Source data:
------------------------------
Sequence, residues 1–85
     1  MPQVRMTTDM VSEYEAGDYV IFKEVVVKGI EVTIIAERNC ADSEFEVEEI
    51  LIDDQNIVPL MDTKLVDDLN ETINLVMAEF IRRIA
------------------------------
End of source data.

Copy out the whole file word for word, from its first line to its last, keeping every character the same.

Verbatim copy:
Sequence, residues 1–85
     1  MPQVRMTTDM VSEYEAGDYV IFKEVVVKGI EVTIIAERNC ADSEFEVEEI
    51  LIDDQNIVPL MDTKLVDDLN ETINLVMAEF IRRIA